Yet you have some sort of pity for Joe Bloggs?

    I am a great supporter of the free market, but where it's not working, then the state must interfere to protect those citizens.
     
  12. Brendan Burgess

    Brendan Burgess Founder

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    I have not followed the banking levy issue. But what alternative method of calculation would you propose?

    Or should we have a levy at all?

    Brendan
     
  13. RedOnion

    RedOnion Frequent Poster

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    I got the idea from the legislation that brought in the banking levy. These various levies only pay c. 50% of the costs of CBI regulatory / supervisory costs. It's nothing to do with DGS so linking the two isn't valid.

    The amount of levy these institutions have been paying is relatively small compared to their overall cost base here -i doubt it's factored much in their strategic decisions to get out. Rabo can replace the deposit book they had here at negative rates elsewhere. It's not significant enough to have any impact on their liquidity calculations. NUK took a bath on FX hedging costs post Brexit making the deposits here too expensive. Plus they don't need the funding - they also shut down their IOM operations around the same time which has nothing to do with the Irish banking levy.

    I agree Irish banks have a weighting of non DIRT paying accounts, and lower interest rates, and it's not the correct basis for calculating the levy.

    However if you look at Rabo's submission, their main point is that it's based on historical numbers so disadvantages those reducing their deposit base here. They had already made their decision.

    There won't be any competition in the market until funding supply dries up a little; banks can currently fund at negative rates wholesale, so apart from needing to meet liquidity requirements they'd prefer not to have any deposits!
     
  14. Sarenco

    Sarenco Frequent Poster

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    The bank levy has nothing to do with funding supervisory costs. You are confusing it with supervisory levies imposed by the Central Bank which are completely separate from the bunking levy.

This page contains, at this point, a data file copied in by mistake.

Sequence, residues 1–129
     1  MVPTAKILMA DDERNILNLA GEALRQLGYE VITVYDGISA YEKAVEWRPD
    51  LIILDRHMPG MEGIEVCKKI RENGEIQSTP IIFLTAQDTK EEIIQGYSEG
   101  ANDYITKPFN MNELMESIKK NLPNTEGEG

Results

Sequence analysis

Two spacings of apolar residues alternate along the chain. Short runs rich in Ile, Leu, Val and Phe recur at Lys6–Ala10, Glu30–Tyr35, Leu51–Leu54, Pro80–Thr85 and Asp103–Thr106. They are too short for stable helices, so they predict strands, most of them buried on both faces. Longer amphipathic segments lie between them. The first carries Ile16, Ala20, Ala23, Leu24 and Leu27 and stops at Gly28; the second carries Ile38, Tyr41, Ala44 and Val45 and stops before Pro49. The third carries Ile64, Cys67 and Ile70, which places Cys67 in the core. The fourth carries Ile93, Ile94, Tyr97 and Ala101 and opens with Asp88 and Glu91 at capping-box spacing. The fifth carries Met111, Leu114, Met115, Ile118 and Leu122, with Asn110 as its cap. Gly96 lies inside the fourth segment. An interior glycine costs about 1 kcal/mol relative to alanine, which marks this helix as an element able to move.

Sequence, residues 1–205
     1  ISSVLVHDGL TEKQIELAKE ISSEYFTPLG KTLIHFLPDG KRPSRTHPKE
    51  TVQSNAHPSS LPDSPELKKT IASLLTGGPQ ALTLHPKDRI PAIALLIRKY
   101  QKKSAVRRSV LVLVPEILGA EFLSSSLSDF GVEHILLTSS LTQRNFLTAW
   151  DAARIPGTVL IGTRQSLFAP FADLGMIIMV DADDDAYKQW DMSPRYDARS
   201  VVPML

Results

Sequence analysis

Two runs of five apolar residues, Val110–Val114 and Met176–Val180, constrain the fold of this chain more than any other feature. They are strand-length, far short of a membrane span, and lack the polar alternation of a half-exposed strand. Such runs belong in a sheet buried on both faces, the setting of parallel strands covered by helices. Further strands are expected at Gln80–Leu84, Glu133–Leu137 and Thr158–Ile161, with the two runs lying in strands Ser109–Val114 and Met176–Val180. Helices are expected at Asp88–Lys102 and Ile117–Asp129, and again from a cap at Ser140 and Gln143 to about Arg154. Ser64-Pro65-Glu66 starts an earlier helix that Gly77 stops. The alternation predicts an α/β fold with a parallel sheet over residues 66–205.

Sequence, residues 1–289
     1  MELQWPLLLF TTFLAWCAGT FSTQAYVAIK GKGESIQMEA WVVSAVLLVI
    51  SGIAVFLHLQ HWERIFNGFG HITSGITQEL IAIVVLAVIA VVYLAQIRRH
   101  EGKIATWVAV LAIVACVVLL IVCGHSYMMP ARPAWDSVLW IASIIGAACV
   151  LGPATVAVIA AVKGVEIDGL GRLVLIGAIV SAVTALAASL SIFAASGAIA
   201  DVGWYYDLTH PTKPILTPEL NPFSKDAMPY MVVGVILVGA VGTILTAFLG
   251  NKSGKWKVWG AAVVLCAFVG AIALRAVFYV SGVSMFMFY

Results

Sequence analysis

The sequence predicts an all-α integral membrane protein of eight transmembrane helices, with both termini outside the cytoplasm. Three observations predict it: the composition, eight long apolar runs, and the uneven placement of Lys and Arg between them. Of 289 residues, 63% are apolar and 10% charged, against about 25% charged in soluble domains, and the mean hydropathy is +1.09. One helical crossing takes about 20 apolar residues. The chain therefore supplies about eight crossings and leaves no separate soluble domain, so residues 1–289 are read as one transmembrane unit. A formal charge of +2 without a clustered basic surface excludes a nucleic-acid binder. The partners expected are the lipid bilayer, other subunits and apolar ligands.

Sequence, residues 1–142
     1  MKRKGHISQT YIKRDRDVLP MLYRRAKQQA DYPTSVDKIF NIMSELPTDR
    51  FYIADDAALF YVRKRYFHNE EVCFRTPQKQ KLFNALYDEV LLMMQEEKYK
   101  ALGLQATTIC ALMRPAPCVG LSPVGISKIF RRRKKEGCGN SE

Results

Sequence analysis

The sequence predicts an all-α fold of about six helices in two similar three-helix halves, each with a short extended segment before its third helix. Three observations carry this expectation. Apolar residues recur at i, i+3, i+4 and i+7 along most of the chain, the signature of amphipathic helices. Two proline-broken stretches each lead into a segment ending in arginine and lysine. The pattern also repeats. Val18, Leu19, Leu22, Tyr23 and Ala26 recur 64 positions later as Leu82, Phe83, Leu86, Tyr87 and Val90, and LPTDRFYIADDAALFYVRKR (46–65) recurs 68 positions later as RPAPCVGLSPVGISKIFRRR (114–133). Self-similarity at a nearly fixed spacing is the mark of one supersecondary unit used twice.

The banking levy certainly has nothing to do with the DGS - that's really my point.

    According to their submission NUK paid €10m over 5 years under the banking levy. That's hardly an insignificant cost for a one branch operation. Rabo are paying well over €3m a year and their low cost model is entirely online. Again, for what?

    Of course there are various forces contributing to the current lack of competition in the Irish banking sector. Unfair taxation shouldn't be one of them.
     
  15. RedOnion

    RedOnion Frequent Poster

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    Sarenco,

    Apologies, you're correct I'm mixing up the banking levy with the central bank industry funding levy.

    I agree with you that the basis of calculation of the levy is not 'fair'. Take a look at PTSBs submission for an alternative view (their funding base is a little different to the larger banks).

    Looking at Rabo, when they stopped taking corporate deposits, suggestions were this impacted 300 customers with 2bn deposits. These were mainly non DIRT accounts, so have no impact on the banking levy calculation, so wasn't their reason for getting out of this.

    You could also ask what are the Irish banks getting from the levy?
     
  16. Sarenco

    Sarenco Frequent Poster

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    Reduced competition?:)
     
  17. Sarenco

    Sarenco Frequent Poster

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    Well, we shouldn't have a levy at all if we are interested in reducing the cost of banking products for consumers.